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Cleveland — It's easy to draw the conclusion that the banishment of Josh Smith has resulted in the best two outings of the Pistons' season to date.

Ball movement has been plentiful, with an abundance of open shots and a cohesiveness that had been unseen in the Stan Van Gundy era. It culminated in the Pistons' 23-point drubbing Sunday of the Cleveland Cavaliers, a team that has seemingly taken the title for "Team Turmoil" away from the Pistons — a baton the Pistons had no problem handing over.

"I think it's everybody being so unselfish. Everybody's making the extra pass, not just one guy out there making plays," Brandon Jennings said. "When guys get in the post, they're passing it back out. Guys are getting open shots. We're being very unselfish."

Jennings is the point guard in title and in skill set, but you'd never know it when Smith was around. After defensive rebounds, Smith was often the outlet man, leading the fast break and initiating the offense. (Note to coaches: All-6-foot-9 guys do not have Magic Johnson capabilities.)

Smith led the team in usage rate, an advanced stat that, in layman's terms, determines how heavily a player is involved in a team's offense, by shooting, turnovers or even passes leading to scores or shots.

He essentially controlled one-fourth of the Pistons' possessions, and ranked in the top 30 in the NBA in that category. To put in perspective, the names right below Smith are far more reliable in making plays: New Orleans' Anthony Davis, Memphis' Marc Gasol, Atlanta's Jeff Teague, Toronto's Lou Williams and Dallas' Dirk Nowitzki.

It's why Van Gundy has made such a big to-do about the Pistons having to change their offense around with Smith no longer in town — and why things have gone much smoother since in the small, two-game sample.

"Josh made so many plays for us," Van Gundy has said.

Never mind many of them led to outright disaster, as the sub-40 percent shooting nights piled up in part because a player whose shot selection has been questioned from the start of his career was given carte blanche on the floor to do whatever he pleased.

But it was Van Gundy who basically empowered Smith to do so, essentially designing the offense around an inefficient player. Jennings often started possessions passing to Smith — who tried to do everything — and despite his ability to do a bunch of things well, it appeared the burden was too much for Smith to handle.

Everyone knows Smith had been on the trading block well before the team used the stretch provision on him — where the Pistons will be responsible for the remaining balance on his massive deal but it won't affect the salary cap in a crippling way.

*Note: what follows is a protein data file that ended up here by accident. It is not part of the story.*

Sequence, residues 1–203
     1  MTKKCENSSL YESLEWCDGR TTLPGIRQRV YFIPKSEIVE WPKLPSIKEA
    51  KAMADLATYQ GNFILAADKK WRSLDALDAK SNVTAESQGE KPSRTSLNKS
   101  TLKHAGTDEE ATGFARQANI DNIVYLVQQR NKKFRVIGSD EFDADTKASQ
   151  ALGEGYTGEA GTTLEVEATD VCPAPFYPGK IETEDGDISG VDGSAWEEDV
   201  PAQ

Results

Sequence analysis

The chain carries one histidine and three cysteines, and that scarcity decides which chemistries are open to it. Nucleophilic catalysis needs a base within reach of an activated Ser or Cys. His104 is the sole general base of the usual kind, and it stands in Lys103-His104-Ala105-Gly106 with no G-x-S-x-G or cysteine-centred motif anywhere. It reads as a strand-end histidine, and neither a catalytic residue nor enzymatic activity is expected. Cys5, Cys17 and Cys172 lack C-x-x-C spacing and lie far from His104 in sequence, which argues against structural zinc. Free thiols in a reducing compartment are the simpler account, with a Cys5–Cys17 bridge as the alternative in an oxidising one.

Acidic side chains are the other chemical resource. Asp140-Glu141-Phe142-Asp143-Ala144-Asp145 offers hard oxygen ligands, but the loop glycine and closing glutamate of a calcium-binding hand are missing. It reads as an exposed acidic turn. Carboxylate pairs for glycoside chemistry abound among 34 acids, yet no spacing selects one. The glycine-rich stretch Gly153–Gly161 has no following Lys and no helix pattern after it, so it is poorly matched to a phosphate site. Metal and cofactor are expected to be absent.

Van Gundy inherited Smith's contract, true, but refused to trade him in the offseason — which appeared to be mistake No. 1. Perhaps Van Gundy wanted to boost Smith's trade value by featuring him in the offense, or wanted to minimize the 3-pointers Smith was wont to take when he didn't feel involved in the offense.

Perhaps Van Gundy didn't trust Jennings, but at least he's a point guard. And although Greg Monroe's free agency makes things murky, he's not the swing-for-the-fences decision-maker Smith was.

And remember, this season was about being able to compete while developing young talent — in an Eastern Conference where a four-game winning streak puts even the worst teams in the thick of playoff contention.

Smith's start to the season was glaringly off to any casual observer, yet there was no modifications to the plan. His shooting was at a career-low rate, he wasn't finishing in the paint and it looked as if his physical gifts had started to slide.

If Van Gundy is to be believed about his statement concerning the timing of Smith's release (and we haven't been given cause to doubt him) — that it was three weeks in the making, that there was no confrontation that hastened the move and it was more about having the practice time to adjust to no longer having Smith around — then why didn't Van Gundy adjust how he wanted his anemic offense run while Smith was still here?

If Smith wasn't good enough to be on the roster any longer, and many league executives have said the Pistons were asking for more than Smith was worth on the trade market, then he shouldn't have been able to have such a profoundly negative effect on the offense.

Van Gundy was brought in to have the ultimate hammer. He pointedly said during his opening news conference, "Players don't have anywhere to run," referencing a coach-management divide, but he refused to wield it.

"OK, so now I get to go back and second-guess the first 28 games," Van Gundy said Sunday, when asked if he should've done things differently with the offense. "I mean, I'm not gonna do that. You can and it's fair. You can and it's fair. It's just nothing for me to gain like that."

If the players allowed Smith's domineering persona to take over the team and locker room, shame on them, but it certainly appears a burden has been lifted.

Make no mistake, the water certainly will level out. The Pistons won't play this well for the rest of the season, and this isn't to make Smith the villain.

He was placed in a position he was ill-equipped to handle — and it shouldn't have taken perhaps a throwing away of a season to determine that.

vgoodwill@detroitnews.com

twitter.com/vgoodwill

Pistons at Magic

Tip-off: 7 p.m. Tuesday, Amway Arena, Orlando, Fla.

TV/radio: FSD/97.1

Outlook: Pistons coach Stan Van Gundy returns to Orlando, where he coached for five seasons and led the Magic to the Finals in 2009. ... Magic F Tobias Harris averages 18.6 points and 7.1 rebounds.

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